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About Geoff

Understanding animals, food, energy, and climate; using mathematics, evidence and rational thinking.

Geoff Russell qualified in philosophy and history, before undertaking a second degree in mathematics.  He wrote software for a living until he retired in 2016.  He lives with partner Suzanne Pope and a collection of animals in Adelaide,  Australia.


Even when working, Geoff often worked part time and devoted considerable time to animal protection activities; both at a political and practical level.  Currently he and Suzanne are active in bat rescue, having taken part in the rescue of over 400 bats during the four day heat wave in South Australia in December 2019.  Thousands of bats (grey headed flying foxes to be precise) died during the event, included many of the juveniles of the colony in Botanic Park.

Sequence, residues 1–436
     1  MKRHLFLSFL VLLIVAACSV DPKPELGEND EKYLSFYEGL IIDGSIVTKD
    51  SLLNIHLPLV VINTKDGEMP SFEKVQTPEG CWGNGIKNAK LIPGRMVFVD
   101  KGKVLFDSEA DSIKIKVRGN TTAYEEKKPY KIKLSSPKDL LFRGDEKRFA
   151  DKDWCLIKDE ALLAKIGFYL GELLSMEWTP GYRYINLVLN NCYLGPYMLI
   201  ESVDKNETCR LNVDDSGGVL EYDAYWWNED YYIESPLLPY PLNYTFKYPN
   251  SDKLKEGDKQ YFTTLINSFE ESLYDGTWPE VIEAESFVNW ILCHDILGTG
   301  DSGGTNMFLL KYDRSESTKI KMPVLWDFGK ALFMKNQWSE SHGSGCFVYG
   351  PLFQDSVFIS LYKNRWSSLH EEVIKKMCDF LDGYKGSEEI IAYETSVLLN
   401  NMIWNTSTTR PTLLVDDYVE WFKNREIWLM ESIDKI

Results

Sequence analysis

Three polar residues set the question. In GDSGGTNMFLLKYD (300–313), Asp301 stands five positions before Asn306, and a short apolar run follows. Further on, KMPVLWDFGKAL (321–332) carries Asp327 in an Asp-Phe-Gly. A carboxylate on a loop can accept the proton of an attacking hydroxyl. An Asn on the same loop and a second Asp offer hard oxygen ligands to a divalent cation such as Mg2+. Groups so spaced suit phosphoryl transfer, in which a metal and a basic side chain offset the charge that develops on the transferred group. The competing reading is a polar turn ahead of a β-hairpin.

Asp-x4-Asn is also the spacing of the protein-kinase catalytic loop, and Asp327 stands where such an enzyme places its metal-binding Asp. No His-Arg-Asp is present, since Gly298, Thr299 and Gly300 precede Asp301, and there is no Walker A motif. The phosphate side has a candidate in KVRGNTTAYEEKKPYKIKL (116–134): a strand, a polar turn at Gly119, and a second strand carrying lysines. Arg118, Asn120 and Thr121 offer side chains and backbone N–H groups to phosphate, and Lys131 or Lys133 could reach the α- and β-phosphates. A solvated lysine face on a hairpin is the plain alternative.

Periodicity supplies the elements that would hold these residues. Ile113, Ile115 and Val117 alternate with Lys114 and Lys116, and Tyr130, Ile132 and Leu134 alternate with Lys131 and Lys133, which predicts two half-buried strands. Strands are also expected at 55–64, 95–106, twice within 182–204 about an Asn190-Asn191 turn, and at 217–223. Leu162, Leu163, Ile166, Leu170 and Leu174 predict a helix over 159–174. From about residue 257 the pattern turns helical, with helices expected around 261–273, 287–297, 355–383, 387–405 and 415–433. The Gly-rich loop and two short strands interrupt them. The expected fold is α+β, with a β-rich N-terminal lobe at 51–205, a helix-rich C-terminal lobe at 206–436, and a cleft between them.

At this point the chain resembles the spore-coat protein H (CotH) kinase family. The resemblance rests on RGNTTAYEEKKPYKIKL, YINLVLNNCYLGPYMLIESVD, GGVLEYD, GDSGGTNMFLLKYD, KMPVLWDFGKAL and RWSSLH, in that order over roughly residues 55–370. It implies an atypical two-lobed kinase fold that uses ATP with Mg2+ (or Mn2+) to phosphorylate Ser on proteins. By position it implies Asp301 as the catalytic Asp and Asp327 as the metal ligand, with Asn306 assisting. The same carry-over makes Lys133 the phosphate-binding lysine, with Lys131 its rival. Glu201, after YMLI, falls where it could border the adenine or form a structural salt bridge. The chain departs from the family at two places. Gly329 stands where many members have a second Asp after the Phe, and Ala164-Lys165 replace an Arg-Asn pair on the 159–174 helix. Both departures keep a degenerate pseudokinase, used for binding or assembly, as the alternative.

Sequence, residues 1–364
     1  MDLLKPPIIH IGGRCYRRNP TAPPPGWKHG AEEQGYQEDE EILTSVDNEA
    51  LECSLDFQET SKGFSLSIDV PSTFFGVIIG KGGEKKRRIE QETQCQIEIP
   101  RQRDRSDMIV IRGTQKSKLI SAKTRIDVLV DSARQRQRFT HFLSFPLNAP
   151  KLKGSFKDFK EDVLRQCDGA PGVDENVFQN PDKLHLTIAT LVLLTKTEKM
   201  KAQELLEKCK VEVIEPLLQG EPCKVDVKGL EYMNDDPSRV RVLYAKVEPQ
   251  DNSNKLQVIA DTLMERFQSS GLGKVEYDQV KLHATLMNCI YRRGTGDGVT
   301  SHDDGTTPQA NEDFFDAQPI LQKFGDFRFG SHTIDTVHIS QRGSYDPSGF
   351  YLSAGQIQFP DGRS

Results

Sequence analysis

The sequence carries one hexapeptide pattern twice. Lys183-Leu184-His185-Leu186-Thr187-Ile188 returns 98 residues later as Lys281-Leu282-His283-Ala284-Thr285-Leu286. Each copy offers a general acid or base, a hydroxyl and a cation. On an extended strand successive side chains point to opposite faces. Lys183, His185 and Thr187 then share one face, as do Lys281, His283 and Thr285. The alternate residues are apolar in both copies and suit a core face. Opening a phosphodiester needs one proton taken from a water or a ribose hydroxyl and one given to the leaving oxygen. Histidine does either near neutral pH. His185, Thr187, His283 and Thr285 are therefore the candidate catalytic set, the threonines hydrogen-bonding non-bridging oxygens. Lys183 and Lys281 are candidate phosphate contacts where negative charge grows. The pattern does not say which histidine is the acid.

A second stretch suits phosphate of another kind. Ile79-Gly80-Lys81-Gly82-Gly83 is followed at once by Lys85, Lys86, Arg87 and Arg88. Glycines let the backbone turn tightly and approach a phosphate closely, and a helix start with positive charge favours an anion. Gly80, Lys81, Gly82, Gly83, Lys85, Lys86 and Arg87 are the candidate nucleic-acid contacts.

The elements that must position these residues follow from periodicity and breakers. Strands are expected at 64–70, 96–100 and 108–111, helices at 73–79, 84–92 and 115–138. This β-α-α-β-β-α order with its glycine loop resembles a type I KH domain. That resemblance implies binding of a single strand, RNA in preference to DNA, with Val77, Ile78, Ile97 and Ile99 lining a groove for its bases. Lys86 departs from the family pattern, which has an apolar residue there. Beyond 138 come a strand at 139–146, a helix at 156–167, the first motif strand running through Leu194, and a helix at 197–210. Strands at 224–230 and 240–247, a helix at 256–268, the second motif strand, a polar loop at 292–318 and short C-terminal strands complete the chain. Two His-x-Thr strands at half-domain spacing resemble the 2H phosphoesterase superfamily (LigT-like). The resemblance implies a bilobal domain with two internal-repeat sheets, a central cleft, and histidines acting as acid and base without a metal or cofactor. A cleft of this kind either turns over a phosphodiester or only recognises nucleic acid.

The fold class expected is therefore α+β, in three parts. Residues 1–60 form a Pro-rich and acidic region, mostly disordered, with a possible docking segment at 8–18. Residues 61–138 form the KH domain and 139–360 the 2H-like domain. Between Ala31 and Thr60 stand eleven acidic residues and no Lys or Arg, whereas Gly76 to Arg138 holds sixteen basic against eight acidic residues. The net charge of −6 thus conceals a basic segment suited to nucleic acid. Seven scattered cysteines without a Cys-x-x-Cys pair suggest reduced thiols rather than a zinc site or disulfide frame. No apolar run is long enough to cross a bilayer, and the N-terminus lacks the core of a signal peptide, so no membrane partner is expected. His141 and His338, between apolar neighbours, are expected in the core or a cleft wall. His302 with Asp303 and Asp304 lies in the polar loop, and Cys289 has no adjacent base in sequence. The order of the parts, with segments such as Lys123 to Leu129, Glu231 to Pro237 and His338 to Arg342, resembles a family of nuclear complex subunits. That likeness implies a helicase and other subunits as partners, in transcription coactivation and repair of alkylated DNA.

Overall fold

During the past 15 years he's devoted increasing time to writing ... non-fiction.  Many of the pressing issues of our time require a deeper technical understanding than many journalists can bring to their work. Even when they have the training, journalists are faced with deadlines, word limits and editors that make depth and detail impossible.  But often they don't have the background. During the current Covid-19 crisis, we find journalists more used to covering politics being pulled into covering something way outside their comfort zone. Geoff first wrote about new zoonotic diseases back in 2009 and has been reading about them for even longer. 


A three decade vegan and member of the Animal Justice Party, his first book in 2009 was 'CSIRO Perfidy', a critique of the high-red-meat CSIRO 'Total Wellbeing diet'; the most environmentally destructive diet on the planet. His concerns about climate change and the ineffectiveness of renewables led to a re-examination of his lifelong opposition to nuclear power. After considerable research he realised that the reasons people fear nuclear are built on obsolete knowledge about DNA and cancer. His second book 'GreenJacked! Derailing environmental action on climate change' is an e-book available on Amazon. He was  a regular contributor to Barry Brook's since and has had pieces published in The Monthly, Australasian Science and a number of Australian newspapers. He has recently been  a regular contributor to New Matilda.

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